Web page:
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How are people made deserving of help? How do different cultures define the meaning of giving and worthiness of the people who “ought” to be helped? This book explores these questions by comparing Japanese and American helping arrangements and support systems. Drawing on 2 years of fieldwork, the study analyzes the cultural and structural conditions that shape the “social contract” in the case of the elderly. My analysis draws attention to the symbolic dimension of this social contract and focuses on the importance of cultural assumptions and social assignments that create the conditions of deservedness.
There is more to the phenomenon of giving and deserving help than goodwill and meeting others' needs. People seemingly give help even when it is not in their interest to do so. Reciprocity also seems to matter, even when people act out of generosity. I believe that the key explanations are found in the regulation of values and interests entailed in the practice of the social contract. The cross-cultural design of this study offers an opportunity to explore systematically these values and interests in social support. My purpose is to understand how culture and society shape giving, both theoretically and empirically.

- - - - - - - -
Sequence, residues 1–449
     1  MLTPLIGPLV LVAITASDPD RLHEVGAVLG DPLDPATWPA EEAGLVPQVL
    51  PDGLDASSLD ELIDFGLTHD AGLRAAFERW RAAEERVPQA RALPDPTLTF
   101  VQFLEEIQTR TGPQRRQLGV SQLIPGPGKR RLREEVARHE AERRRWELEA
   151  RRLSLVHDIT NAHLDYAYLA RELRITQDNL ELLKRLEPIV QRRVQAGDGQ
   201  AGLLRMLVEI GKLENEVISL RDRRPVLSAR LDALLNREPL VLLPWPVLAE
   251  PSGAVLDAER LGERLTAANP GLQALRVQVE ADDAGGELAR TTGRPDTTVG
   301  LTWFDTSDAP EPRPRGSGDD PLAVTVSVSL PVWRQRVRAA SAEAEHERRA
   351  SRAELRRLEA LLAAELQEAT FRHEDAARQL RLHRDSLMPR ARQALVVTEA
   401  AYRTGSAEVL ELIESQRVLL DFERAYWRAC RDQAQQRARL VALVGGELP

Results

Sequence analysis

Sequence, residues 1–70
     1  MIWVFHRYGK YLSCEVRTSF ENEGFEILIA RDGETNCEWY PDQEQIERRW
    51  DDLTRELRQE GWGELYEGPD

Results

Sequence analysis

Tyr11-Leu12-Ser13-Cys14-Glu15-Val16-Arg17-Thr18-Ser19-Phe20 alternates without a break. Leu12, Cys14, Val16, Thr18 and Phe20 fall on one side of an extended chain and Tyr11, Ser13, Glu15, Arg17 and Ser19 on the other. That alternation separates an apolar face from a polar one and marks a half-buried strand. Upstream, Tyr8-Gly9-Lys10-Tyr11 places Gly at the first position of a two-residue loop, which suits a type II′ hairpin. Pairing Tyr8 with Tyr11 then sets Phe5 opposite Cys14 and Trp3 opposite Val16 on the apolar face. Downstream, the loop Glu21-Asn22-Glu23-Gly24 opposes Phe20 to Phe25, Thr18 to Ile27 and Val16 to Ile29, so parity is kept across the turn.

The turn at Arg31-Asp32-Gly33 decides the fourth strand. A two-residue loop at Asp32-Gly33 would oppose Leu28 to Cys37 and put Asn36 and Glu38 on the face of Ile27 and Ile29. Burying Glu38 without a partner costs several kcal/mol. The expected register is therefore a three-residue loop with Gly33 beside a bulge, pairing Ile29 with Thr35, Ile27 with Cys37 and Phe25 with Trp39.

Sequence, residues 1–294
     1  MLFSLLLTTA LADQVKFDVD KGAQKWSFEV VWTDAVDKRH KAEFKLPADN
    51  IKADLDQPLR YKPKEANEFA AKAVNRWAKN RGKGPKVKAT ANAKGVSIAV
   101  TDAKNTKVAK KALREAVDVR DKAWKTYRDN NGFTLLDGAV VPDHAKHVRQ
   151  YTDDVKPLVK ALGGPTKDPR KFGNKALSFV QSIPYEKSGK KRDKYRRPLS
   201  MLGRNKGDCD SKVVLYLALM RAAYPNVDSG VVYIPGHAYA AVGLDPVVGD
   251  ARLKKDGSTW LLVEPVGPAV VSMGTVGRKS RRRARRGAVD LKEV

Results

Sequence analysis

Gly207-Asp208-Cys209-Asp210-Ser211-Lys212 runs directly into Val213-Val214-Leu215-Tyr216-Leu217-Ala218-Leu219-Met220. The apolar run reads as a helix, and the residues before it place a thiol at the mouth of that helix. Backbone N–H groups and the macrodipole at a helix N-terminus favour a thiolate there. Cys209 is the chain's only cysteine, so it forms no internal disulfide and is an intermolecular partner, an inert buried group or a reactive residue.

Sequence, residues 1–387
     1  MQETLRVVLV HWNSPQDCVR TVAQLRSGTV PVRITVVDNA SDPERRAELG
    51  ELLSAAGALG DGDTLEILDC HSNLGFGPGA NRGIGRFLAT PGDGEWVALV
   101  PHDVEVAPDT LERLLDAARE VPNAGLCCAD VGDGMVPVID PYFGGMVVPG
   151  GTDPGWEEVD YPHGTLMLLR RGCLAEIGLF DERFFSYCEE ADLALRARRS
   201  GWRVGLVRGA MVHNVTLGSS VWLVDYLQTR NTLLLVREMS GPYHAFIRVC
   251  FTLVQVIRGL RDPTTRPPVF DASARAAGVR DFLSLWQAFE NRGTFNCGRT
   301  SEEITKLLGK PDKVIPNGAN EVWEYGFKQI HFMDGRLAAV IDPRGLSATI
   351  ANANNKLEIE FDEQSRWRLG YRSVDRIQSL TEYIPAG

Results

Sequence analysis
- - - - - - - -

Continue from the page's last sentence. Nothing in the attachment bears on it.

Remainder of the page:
This framework derives from an analysis of comparative patterns of support, the different conditions in which support is perceived to be successful or unsuccessful, and the degree to which different values and interests are prioritized in helping arrangements.